If you are a fan of swing dancing and its rich history, you must have heard about Whitey’s Lindy Hoppers. This group of African-American dancers took the world by storm in the 1930s and 1940s with their electrifying performances that redefined swing dancing. In this article, we will take a closer look at who Whitey’s Lindy Hoppers were and the movie they starred in.
Who Were Whitey’s Lindy Hoppers?
Whitey’s Lindy Hoppers was a dance troupe formed by Herbert “Whitey” White in the late 1920s in Harlem, New York City. The group consisted of some of the best African-American dancers of that era, including Frankie Manning, Norma Miller, Al Minns, and Leon James. The troupe was known for its high-energy performances that incorporated acrobatics and aerials into swing dancing, which was a new concept at that time.
Whitey’s Lindy Hoppers became an instant sensation after they won a dance competition at the legendary Savoy Ballroom in Harlem. The group continued to perform at various venues across the United States and Europe, spreading their unique style of swing dancing.
The Movie – Hellzapoppin’
In 1941, Whitey’s Lindy Hoppers got their big break when they starred in the Hollywood movie “Hellzapoppin’.” The movie was based on a popular Broadway musical of the same name and featured some of the best swing dancers of that era.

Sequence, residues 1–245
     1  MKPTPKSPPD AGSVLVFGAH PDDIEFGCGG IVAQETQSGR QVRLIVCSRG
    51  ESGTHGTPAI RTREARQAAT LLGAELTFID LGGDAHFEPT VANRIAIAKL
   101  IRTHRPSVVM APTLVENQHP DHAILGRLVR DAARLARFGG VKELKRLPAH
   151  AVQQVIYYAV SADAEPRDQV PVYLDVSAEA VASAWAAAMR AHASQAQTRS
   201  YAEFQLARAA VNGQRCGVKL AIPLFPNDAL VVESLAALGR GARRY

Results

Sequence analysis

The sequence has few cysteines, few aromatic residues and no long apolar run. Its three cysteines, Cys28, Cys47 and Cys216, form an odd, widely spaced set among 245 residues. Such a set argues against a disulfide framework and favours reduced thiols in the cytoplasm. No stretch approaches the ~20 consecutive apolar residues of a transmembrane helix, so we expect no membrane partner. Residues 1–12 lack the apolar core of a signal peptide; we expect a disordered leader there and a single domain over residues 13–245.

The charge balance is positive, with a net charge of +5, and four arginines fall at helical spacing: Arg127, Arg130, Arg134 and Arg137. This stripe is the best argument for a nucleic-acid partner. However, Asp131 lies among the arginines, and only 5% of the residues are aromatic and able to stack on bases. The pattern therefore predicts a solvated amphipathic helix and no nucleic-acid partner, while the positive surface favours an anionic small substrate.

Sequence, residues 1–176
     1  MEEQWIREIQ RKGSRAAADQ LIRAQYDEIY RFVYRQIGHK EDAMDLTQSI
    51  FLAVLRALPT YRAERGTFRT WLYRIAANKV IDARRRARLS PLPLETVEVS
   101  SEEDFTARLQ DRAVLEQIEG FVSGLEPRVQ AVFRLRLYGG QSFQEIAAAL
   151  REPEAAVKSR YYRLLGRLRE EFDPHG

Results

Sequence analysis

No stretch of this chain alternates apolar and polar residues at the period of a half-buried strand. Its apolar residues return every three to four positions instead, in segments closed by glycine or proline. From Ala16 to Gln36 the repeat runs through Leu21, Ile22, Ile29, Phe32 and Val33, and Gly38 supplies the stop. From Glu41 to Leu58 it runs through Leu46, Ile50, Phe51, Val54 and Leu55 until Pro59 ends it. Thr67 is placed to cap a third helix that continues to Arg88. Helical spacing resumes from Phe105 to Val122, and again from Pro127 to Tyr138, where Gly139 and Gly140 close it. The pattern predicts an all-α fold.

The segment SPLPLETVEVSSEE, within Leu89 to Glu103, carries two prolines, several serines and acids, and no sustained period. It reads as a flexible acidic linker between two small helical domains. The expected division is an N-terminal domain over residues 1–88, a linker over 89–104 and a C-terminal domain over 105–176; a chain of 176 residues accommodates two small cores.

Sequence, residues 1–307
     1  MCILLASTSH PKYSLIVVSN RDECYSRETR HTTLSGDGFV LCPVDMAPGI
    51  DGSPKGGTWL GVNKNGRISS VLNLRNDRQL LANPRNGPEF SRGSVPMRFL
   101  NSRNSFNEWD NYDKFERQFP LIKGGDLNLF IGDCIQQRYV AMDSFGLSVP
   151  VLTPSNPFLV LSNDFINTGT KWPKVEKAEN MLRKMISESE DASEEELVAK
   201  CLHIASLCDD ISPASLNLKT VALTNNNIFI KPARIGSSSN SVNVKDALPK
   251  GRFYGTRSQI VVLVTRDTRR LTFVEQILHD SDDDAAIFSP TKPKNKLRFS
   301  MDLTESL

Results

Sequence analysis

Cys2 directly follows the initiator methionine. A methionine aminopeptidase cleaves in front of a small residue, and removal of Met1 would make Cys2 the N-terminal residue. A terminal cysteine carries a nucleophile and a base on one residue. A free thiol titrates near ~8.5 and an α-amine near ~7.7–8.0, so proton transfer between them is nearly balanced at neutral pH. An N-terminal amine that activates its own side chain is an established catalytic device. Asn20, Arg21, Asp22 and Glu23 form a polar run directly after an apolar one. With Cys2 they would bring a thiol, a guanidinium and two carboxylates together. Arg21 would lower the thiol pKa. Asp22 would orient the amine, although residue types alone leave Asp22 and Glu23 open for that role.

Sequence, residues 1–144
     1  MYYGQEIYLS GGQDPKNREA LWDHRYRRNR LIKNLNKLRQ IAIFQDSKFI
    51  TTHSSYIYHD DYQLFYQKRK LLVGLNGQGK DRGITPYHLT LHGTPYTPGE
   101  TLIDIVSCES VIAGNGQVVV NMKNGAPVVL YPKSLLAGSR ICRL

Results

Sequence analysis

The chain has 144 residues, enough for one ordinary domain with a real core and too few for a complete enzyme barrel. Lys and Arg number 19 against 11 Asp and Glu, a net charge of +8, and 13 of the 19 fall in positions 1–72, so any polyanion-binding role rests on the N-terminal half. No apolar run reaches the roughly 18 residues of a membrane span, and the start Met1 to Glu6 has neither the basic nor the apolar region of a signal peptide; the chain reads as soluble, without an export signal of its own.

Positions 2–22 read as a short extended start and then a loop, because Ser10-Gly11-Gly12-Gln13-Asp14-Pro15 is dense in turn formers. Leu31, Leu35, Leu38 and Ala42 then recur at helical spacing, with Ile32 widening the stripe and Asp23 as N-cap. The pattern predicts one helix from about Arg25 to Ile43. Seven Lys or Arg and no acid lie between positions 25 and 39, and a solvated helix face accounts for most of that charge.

The plot of “Hellzapoppin'” revolved around two comedians who get trapped inside a haunted house with an eclectic mix of characters. The movie featured several musical numbers and comedy skits but what stole the show were the electrifying dance performances by Whitey’s Lindy Hoppers.
One particular scene from “Hellzapoppin'” featuring Whitey’s Lindy Hoppers has become iconic in swing dancing history. The scene shows the dancers performing a high-energy routine to the tune of “Jumpin’ at the Woodside” by Count Basie. The routine includes several aerials and acrobatic moves that were unheard of in swing dancing at that time.
Legacy of Whitey’s Lindy Hoppers
Whitey’s Lindy Hoppers paved the way for African-American dancers to gain recognition in the entertainment industry. The group broke down racial barriers with their performances, which were appreciated by audiences of all races.
The legacy of Whitey’s Lindy Hoppers continues to this day, with many swing dancers around the world incorporating their signature moves into their routines. The group also inspired the formation of other dance troupes, such as The Harlem Hotshots and The Rhythm Hot Shots.
In conclusion, Whitey’s Lindy Hoppers were a group of African-American dancers who revolutionized swing dancing with their high-energy performances. Their contribution to the entertainment industry cannot be overstated, and their legacy continues to inspire new generations of swing dancers.